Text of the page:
Rachel Roddy’s recipe for Mozzarella in Carrozza | eat
Y.A few years ago, after a delayed flight and a terrible taxi ride from the airport, Vincenzo made me mozzarella in Carrozza. It wasn’t the first time he’d made mozzarella sandwiches (dipped in flour and egg and then fried) but it was certainly the most memorable because it was almost midnight and the only thing I’d eaten since noon was one half a Toblerone. Taking that first bite was like walking into a room filled with old friends – egg bread, fried bread, cheese on toast, toasted Breville sandwiches – and at the same time very different from anything I’d eaten before. It was also the most delicious thing I had ever eaten (again I was starving, such unfair advantage) and entertaining: the cheese string that stretched between my mouth and the bread triangle like an extendable dog leash and then stuck to my chin.
Carrozza is the carriage, hence the name means “mozzarella in a carriage”. It’s a dish that originated in regions of mozzarella – what is now Campania and southern Lazio – although it’s now common. As with all imaginative home cooking, there are just as many options for preparing mozzarella in Carrozza as there are with chefs. The strong feelings come from the fact that people feel very attached to what they grew up with and the psychological reassurance that there is a certain taste in it. I have a Neapolitan teacher named Daniela Del Balzo for whom Mozzarella in Carrozza is very emotional. A common thread with her childhood, which represents the abundance of home, so tradition, comfort and love. For them, one way to pass that bounty on and get the thread is to seal each triangle with flour and water paste, triple dip, and deep fry for their kids and grandchildren. Vincenzo has his own way of making them too, which is probably just as full of things, though he laughs at my attempts to get him to speak them out. But then he looks so much like his mother when he stands with a spatula.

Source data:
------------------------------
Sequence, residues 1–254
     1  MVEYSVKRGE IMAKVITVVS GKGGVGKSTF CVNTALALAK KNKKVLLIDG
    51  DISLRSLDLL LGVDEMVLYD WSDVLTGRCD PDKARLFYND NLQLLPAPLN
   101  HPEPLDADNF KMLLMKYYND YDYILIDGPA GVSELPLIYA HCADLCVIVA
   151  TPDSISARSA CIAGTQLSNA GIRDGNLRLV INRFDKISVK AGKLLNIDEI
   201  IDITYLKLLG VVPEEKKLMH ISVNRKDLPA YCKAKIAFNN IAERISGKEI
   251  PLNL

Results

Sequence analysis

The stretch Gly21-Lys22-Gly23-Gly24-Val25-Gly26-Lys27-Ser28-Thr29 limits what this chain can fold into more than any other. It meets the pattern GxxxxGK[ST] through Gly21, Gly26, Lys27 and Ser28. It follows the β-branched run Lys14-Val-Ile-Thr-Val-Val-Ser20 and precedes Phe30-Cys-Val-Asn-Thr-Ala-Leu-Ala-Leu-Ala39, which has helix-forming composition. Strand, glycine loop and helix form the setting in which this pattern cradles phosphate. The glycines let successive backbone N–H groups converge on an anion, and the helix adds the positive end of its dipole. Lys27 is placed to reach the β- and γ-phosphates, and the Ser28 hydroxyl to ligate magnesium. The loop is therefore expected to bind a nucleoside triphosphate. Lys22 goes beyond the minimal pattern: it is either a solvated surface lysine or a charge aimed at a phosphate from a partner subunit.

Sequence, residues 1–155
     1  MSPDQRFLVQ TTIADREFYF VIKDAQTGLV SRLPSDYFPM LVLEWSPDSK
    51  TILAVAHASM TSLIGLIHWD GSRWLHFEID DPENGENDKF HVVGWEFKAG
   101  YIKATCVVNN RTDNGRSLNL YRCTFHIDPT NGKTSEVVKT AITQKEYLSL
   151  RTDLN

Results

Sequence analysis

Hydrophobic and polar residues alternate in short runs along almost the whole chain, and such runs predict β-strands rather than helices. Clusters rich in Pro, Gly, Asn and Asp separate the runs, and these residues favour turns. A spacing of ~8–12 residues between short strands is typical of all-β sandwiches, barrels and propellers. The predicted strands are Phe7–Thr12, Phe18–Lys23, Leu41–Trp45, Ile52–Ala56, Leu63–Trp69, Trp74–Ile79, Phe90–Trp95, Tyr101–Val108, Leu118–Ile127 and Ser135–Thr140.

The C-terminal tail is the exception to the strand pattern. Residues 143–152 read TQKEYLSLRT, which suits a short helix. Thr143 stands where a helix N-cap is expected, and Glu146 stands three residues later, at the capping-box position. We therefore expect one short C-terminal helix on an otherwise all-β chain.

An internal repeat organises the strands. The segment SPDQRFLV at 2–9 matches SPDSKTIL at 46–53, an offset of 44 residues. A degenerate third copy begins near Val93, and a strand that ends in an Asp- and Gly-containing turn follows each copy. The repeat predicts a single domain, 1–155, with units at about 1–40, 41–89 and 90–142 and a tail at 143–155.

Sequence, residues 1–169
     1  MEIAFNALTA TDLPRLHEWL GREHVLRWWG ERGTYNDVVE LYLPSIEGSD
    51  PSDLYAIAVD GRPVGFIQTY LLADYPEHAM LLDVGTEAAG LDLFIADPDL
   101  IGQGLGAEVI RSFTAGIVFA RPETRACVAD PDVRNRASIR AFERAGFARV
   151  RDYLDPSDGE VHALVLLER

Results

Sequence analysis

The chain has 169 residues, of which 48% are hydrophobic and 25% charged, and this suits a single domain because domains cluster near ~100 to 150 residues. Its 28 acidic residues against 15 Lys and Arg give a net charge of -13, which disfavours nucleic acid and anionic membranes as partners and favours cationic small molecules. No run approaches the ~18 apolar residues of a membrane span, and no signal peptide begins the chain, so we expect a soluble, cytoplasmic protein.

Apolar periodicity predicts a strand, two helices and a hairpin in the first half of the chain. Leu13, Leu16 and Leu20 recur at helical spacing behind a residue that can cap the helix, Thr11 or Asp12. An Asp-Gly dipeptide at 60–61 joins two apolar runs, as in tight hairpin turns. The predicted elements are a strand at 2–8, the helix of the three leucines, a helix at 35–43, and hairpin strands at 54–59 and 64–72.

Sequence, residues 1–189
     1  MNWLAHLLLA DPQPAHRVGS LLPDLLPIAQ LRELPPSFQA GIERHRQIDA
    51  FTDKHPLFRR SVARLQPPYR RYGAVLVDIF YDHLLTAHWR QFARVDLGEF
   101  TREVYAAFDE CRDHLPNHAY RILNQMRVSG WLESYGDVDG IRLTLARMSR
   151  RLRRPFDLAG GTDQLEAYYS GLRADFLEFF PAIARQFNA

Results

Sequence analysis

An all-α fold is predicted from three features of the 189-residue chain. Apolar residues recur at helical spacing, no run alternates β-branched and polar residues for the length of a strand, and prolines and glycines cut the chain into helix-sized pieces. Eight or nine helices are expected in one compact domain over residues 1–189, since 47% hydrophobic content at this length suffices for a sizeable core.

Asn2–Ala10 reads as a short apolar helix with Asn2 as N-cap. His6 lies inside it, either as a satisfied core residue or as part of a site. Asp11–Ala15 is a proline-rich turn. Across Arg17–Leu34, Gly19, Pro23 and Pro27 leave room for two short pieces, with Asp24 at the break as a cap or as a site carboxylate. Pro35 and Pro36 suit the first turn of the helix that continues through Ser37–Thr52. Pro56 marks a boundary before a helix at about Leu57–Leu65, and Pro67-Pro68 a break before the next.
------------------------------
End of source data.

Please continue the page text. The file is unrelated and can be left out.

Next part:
Traditionally, mozzarella meant mozzarella di Bufala, those pearly white globes with a milky, mossy taste and once a cheap, everyday food item – so much so that it could be easily handled and dried for a day or two before being used in cooking. Something that seems extravagant these days when real Mozzarella di Bufala Campagna DOP is rare and expensive and is best eaten as it comes. For this dish, use mozzarella traditional or cow’s milk fior di latte – whichever you think is best.
If you have time, drain a 250g scoop of mozzarella or fior di latte by either placing it in a colander for a few hours so the excess milk soaks away and dries out a little, or if you don’t have a lot of time and just squeezed it gently. Cut the ball into eight thin slices (don’t worry if they’re shaggy). Cut the crusts from eight slices of bread, lay out four of them like playing cards and cover each with two slices of mozzarella and, if you like, an anchovy fillet, leaving a 1 mm edge around the edge. Top with the remaining slices of bread, squeeze and cut each sandwich diagonally in half.
Now the choice is yours. You can just dip the triangles in seasoned flour, then beat the egg and fry in butter or olive oil (or both) until golden brown. Or you can dip in flour, beaten egg, and then fine breadcrumbs and fry until golden brown in butter, olive oil, or both. The third option is deep-frying. In this case, it is worth making a thick paste of flour and water to seal the edges before dipping the triangles in flour, beaten egg and fine breadcrumbs. In a small, deep pan, heat a few inches of oil that is suitable for frying, and then, as soon as it is hot (a cube of bread should fry briskly for testing), add a few triangles at a time and fry, turning until deep golden brown. Lift out, dab on kitchen paper and serve immediately.
There are no night returns and luckily at the moment there are no traumatic taxi rides. However, I seem to have developed my own psychological need for mozzarella sandwiches, first dipped in flour, then dipped in egg, fried and given to me by Vincenzo late at night.